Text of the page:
Entrepreneurship in Education
Last week, I argued in favor more high-skilled immigration to bringadditional entrepreneurial talent into the country for the near future.Today, I want to focus on an urgent policy issue that needs to beaddressed to produce results over the long-run. Improvements ineducation are essential to equipping American citizens withentrepreneurial skills. Creative thinking and prudent risk-taking areno different than any other skills people are born with; they arelikely to be useless unless the skill is developed through educationand experience.
Education in the U.S. is struggling to stay competitive, especially in the sciences. According to the Department of Education,among high school graduates, only 17 percent are considered proficientin math. Not surprisingly, our 15-year-olds . Not surprisingly, our15-year-olds placed 19th in science literacy and 24th in mathematics ina study involving 49 industrialized countries. Now we can see one ofthe reasons why few college students choose to major in engineering. Itis estimated that 1 in 20 U.S. college students major in engineering,much lower than in other developed countries.
Fortunately,America still leads in university education. Though in many schoolsentrepreneurship is still confined to the business school, manyuniversities have been promoting the study of entrepreneurship acrossall academic disciplines spurred by several insightful initiatives suchas the Kauffman Foundation’s Kauffman Campuses initiative thathelp seed cross-campus entrepreneurship programs at dozens of Americanuniversities. While these schools are taking different approaches, allinvolve faculty and students from a variety of academic disciplines. Assuch, these campuses are allowing young people to explore theirentrepreneurial potential.
Universities’ structures have enabledthis type of entrepreneurial thinking about education (though theystill have room for more innovative approaches). In contrast, the system of K-12 public education doesnot allow this kind of innovative environment where new providers andeducational forms constantly appear. Their top-down hierarchies inhibitinnovation. Teachers are not rewarded for being creative. There are ahundred different approaches to entrepreneurship education available,but their potential has not yet been fully exploited. For example, the GeoWorlds project is examining the impact of virtual learning environments on higher order thinking skills of urban high school students. Other new ideas includeimmersive learning, 3D Internet-based learning, and emerging softwareprograms. Of course, we also need to develop evaluation mechanisms forthese new approaches to measure positive youth development. Whileresults are still pending, these new approaches are at least helpingthe sciences get back their luster and attractiveness for students.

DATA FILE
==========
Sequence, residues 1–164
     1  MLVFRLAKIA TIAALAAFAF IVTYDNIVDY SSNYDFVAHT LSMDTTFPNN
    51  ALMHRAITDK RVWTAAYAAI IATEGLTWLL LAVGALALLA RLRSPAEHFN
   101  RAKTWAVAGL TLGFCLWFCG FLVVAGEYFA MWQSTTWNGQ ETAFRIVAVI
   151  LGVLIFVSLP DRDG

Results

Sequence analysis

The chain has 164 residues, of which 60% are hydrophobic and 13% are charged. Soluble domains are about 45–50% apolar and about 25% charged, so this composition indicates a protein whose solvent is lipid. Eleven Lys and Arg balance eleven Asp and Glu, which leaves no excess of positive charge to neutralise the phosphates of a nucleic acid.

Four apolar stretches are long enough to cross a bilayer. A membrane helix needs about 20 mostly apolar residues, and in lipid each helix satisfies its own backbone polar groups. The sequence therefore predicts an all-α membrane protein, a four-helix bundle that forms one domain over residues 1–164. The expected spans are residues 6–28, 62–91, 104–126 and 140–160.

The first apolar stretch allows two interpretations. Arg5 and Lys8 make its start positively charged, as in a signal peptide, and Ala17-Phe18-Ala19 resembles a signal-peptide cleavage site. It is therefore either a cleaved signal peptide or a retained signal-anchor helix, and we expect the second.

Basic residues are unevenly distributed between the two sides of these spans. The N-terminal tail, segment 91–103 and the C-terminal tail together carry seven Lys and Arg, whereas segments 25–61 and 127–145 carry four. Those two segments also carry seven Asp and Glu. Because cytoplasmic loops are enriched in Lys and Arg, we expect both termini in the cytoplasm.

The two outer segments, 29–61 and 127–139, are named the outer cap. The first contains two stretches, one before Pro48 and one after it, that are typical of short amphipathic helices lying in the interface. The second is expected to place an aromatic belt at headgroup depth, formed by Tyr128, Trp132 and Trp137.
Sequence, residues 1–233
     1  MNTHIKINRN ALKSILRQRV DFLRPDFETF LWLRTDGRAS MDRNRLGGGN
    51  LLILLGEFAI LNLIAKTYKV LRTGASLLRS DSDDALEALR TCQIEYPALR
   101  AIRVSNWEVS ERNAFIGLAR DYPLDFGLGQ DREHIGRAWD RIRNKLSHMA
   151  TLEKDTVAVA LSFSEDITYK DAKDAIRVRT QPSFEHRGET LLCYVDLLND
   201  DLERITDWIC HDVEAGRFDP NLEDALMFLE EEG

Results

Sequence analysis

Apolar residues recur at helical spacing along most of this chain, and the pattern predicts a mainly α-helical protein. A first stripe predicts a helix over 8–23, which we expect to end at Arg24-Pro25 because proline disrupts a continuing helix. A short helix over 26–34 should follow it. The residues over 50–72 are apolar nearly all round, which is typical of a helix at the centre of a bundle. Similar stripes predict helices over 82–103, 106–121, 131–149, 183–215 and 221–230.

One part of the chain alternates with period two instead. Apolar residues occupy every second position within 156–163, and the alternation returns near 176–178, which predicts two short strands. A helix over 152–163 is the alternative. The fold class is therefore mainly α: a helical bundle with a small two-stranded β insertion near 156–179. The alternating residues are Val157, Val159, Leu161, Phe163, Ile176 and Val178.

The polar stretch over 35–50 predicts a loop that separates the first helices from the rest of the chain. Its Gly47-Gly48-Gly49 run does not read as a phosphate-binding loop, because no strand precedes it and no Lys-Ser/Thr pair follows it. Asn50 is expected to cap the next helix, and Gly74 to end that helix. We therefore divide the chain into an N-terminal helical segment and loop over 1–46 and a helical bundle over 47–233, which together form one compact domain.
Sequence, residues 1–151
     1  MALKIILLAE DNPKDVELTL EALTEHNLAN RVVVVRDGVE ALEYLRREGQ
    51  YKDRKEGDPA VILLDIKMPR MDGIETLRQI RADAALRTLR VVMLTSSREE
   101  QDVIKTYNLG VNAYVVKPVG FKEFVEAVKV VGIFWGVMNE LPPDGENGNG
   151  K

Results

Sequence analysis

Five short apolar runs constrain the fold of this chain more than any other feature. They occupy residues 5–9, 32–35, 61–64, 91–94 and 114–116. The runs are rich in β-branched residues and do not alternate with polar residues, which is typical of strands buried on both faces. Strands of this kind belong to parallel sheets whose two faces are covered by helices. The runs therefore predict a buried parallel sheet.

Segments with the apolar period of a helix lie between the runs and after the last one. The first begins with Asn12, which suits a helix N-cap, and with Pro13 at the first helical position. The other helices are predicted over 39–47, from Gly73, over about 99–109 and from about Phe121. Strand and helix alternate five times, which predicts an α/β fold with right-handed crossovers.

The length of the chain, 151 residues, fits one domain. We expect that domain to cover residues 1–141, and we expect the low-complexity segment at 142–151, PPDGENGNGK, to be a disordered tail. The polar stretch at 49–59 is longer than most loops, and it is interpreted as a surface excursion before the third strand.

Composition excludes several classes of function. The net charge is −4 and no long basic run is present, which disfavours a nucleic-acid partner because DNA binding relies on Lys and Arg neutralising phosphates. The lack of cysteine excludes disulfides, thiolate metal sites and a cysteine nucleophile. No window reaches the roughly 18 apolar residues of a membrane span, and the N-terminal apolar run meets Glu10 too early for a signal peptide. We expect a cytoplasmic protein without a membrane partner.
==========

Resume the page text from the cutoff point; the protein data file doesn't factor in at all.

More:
Ifwe want to create successful ventures and spur innovation in theeconomy, we need to bring entrepreneurship education into themainstream of teaching and learning at all levels. In order to do so,we should promote the design of new approaches to impartingtwenty-first century skills and knowledge through appropriateincentives for teachers and school authorities. Only by allowingeducators to be entrepreneurial can we hope to impart entrepreneurialskills among students. I recently visiting with education experts atCouncil of Chief State School Officers and National School BoardsAssociation. I was encouraged and impressed that these organizationsunderstand this. I hope our policymakers will back them up with thesupport they need to help our students unleash their smarts and talentsfor making jobs too.
Jonathan Ortmans is a senior fellow at the Kauffman Foundation where he focuses on public policies to promote entrepreneurship in the U.S. and around the world. In addition, he serves as president of the Public Forum Institute, a non-partisan organization dedicated to fostering dialogue on important policy issues.